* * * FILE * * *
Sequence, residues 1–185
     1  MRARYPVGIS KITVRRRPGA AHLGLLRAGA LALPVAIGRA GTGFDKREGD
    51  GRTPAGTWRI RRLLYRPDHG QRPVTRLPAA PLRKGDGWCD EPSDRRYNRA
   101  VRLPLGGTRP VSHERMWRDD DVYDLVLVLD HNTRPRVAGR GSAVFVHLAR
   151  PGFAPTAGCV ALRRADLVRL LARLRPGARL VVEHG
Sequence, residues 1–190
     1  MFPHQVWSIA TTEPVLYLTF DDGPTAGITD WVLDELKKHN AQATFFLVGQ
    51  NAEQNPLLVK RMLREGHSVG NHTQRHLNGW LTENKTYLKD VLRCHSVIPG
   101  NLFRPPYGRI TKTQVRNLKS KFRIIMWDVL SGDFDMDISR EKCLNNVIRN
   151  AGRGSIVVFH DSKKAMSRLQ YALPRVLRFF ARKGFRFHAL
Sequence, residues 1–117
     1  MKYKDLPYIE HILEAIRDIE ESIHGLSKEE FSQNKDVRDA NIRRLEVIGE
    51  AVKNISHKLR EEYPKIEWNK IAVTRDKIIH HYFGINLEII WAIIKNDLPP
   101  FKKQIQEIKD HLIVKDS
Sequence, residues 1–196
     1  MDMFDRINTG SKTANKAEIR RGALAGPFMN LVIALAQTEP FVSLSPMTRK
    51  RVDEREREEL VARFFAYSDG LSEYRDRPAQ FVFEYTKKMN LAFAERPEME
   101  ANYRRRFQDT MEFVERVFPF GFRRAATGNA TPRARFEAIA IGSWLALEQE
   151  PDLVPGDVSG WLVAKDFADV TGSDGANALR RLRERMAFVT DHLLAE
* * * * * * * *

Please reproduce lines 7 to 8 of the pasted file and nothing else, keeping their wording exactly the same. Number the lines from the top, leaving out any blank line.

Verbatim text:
     1  MFPHQVWSIA TTEPVLYLTF DDGPTAGITD WVLDELKKHN AQATFFLVGQ
    51  NAEQNPLLVK RMLREGHSVG NHTQRHLNGW LTENKTYLKD VLRCHSVIPG